The CARES Act — Not Much In It For Labs
The enormous $2 trillion Coronavirus Aid, Relief and Economic
Security Act (CARES Act) was signed into law on March 27, but provides little in direct relief to the nation’s laboratories. The American Clinical Laboratory Assn. (ACLA) had lobbied for $5 billion in new federal funding designated specifically for labs performing Covid-19 testing to cover uncompensated testing services, staffing and the purchase of analyzers, reagents and collection kits. Instead, the cornerstone healthcare provision of the final law is an ambiguous $100 billion fund for entities “that provide diagnoses, testing, or care for individuals with possible or actual cases of Covid-19.” Below we summarize key provisions in the CARES Act that pertain to laboratories.
$100 Billion Fund for Eligible Healthcare Providers
The single paragraph of the CARES Act that establishes the $100 billion fund is vague and leaves the Department of Health and Human Services (HHS) with a major role in distribution decisions.
Eligible healthcare providers, including hospitals, physician practices and laboratories, must submit an application to HHS that includes their tax ID number and “a statement justifying the need of the provider for payment.” Provider expenses that may be reimbursed include “personal protective equipment and testing supplies.” Lost revenues that are attributable to coronavirus are also eligible to be reimbursed, but the Act does not explain how this will be calculated.
It’s unclear how the $100 billion will be divvied up. Applications will be reviewed by HHS on a rolling basis, but there are no details on how or when the money will be disbursed. HHS says it will be providing additional information on how healthcare providers and suppliers can access these funds in the coming weeks.
Coverage of Covid-19 Testing
Health plans/insurers are required to provide coverage, without cost sharing (including deductibles, copays and coinsurance) or prior authorization to hospitals and labs for all Covid-19 testing. Reimbursement is set at the negotiated rate for contracted labs. Non-contracted labs will get paid their list price, but are required to publish their test price on their website. For comparison, the Medicare CLFS rate for Covid-19 testing (CPT 87635) is set at $51.33.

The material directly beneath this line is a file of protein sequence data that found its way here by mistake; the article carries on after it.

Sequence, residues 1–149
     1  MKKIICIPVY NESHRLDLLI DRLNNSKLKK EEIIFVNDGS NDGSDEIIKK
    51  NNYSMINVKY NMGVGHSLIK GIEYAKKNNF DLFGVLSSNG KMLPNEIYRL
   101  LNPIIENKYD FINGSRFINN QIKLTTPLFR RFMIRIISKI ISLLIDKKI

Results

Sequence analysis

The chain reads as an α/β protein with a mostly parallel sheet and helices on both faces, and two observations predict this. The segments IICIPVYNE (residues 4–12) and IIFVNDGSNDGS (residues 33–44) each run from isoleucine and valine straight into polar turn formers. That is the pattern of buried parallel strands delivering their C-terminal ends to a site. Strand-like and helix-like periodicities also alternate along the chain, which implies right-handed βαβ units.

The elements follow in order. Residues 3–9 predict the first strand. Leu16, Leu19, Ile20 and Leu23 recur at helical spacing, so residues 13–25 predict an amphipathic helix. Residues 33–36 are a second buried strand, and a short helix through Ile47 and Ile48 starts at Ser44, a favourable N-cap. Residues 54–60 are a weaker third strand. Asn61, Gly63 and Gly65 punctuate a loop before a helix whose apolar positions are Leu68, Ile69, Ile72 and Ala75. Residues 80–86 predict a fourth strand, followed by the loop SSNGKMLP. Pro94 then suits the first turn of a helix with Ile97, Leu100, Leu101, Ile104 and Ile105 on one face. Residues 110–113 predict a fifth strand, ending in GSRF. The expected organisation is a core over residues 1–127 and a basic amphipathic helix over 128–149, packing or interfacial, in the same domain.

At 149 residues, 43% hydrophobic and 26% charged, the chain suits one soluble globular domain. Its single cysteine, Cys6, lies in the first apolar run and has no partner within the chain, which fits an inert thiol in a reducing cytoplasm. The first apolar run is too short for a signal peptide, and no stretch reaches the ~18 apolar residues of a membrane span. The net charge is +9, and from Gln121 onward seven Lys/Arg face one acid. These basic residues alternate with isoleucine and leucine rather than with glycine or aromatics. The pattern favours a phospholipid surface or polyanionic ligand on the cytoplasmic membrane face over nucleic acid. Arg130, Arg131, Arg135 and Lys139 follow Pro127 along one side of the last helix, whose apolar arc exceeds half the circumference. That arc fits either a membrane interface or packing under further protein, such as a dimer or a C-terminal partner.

Medicare CLFS Rate Freeze
The Act freezes Medicare Clinical Laboratory Fee Schedule (CLFS) rates in 2021. Under PAMA, CLFS rates for most high-volume tests had been scheduled for cuts of 10% to 15% next year.
The Act also delays labs’ responsibility to report their private-payer data to CMS under PAMA by another year to January –March 2022. This follows a previous one-year delay achieved with the year-end spending package.
Medicare Sequestration Temporarily Suspended
The annual 2% cut, or “sequester,” in Medicare fee-for-service claims (including the Medicare CLFS and Medicare Physician Fee Schedule) has been temporarily suspended from May 1 through the end of this year. However, the sequestration policy has been extended by an extra year (through 2030) in exchange for this temporary suspension. The 2% reduction has been in effect since 2013 under the Budget Control Act of 2011.
Add-On Payment for Hospital Covid-19 Patients
Hospitals will receive a payment increase of 20% for patients diagnosed with Covid-19 and later discharged during the emergency period. The discharge will be identified based on diagnosis codes, condition codes or other necessary means. This means Medicare’s payment for these types
of hospital stays could go from $10,000 to $12,000, depending on the severity of the illness.
ACLA on Lack of Dedicated Funding
“For the third time, Congress has failed to provide the necessary funds to support ‘free testing’ for all Americans. Our members remain in an untenable situation, absorbing growing, uncompensated costs for testing specimens with no assurance that they will be appropriately or fairly reimbursed for the tests they are performing,” according to a March 26 statement from ACLA President Julie Khani.